Yotam Dar Discusses 3 Money Remittance Scams to Watch Out For in 2022

Yotam Dar, expert in blockchain technology and cybersecurity, has extensive experience dealing with scams. He has shared what he believes are going to be the three top scams to look out for this fiscal year.

A money remittance scam, also known as a money transfer scam, is when one person requests money from another, often using a range of nefarious tactics to gain access to the person’s funds and bank accounts.

Although this is a category of fraud, it is still an incredibly broad issue, with people around the globe falling prey on a daily basis. Especially during the pandemic, these scams became more common than ever before, with the Guardian, a UK newspaper, reporting over £700,000 stolen every single day from money remittance scams in 2021.

In this article, we’ll be taking a look at the three most common money remittance scams, making sure you know exactly how to keep your funds safe. We’ll be directly touching on scams that have become popular over the past few months, meaning you’ll be more than ready to stay safe during 2022.

Software Scam

Across every single online subscription service, the average customer spends $273 per month. Due to this, individuals will have several, if not more than 10-15, different subscriptions being billed to their account every single month. A software scam takes advantage of this, sending an email to users and claiming that they have an issue with a payment card.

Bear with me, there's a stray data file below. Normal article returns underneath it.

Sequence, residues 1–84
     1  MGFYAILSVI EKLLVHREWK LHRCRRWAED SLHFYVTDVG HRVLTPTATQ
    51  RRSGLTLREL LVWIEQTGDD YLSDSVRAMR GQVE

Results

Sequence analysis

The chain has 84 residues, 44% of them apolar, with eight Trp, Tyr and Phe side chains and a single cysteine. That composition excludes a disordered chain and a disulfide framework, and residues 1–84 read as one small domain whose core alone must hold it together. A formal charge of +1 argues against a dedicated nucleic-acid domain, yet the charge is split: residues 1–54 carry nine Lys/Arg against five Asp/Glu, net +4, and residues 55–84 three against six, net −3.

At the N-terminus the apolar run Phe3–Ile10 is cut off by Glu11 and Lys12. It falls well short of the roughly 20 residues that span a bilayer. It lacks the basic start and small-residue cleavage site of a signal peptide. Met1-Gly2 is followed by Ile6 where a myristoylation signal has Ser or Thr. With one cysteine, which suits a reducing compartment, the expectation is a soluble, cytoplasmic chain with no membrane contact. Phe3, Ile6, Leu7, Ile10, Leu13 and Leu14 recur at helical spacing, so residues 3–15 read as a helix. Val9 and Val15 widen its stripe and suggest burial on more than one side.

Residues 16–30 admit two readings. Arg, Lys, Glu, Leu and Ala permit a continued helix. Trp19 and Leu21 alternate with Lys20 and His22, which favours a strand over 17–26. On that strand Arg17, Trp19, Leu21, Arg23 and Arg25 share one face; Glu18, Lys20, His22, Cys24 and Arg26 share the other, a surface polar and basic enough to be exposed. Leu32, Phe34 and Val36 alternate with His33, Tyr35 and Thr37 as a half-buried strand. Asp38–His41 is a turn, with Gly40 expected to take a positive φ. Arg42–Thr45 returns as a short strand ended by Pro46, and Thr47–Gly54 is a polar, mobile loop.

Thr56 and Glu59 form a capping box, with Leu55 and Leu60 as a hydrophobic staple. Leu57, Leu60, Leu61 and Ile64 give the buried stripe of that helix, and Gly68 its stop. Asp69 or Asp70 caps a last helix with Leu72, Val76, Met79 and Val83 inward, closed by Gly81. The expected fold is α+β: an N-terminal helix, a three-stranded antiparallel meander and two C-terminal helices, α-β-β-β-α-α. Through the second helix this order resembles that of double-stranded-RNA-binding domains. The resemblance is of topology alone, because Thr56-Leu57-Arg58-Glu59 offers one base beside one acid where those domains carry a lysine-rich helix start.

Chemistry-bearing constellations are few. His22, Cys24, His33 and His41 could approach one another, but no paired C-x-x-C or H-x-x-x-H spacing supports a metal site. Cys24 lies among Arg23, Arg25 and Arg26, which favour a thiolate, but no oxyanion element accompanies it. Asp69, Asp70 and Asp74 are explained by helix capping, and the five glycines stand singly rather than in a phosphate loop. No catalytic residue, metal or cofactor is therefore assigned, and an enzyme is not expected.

Considering that people have so many subscriptions, it’s not uncommon that they may take these emails as the truth, quickly re-entering their payment details on the email. The email may either directly ask for the user to go click a link and update their payment details, or may ask for private information to ‘verify the account user’.

In this first case, the scammer will then make off with the user’s financial detail, often incurring large payments on their cards. If they’re seeking personal information, this scam could become even more dangerous and be the scammer’s way of getting all the personal details that they need to steal the user’s identities.

How do I detect these scams?

The best way to steer clear of a software scam is to ensure that no matter whoever emails you, never click on links within their email. If they’re pretending to be a certain service, then you should navigate directly, via the internet, to that site’s webpage and check your details on that screen. 

By doing this, you’ll ensure that all of your details are still in order without giving anything away to the scammers. Additionally, make sure to watch out for customer support emails, as these are a common way people get in touch and try and launch this software support scam.

Long-Distance Dating Scam

Online dating has been a phenomenon that’s become incredibly popular within the last fifteen years. In fact, there are over 44 million users that actively use dating sites – and that’s in the US alone!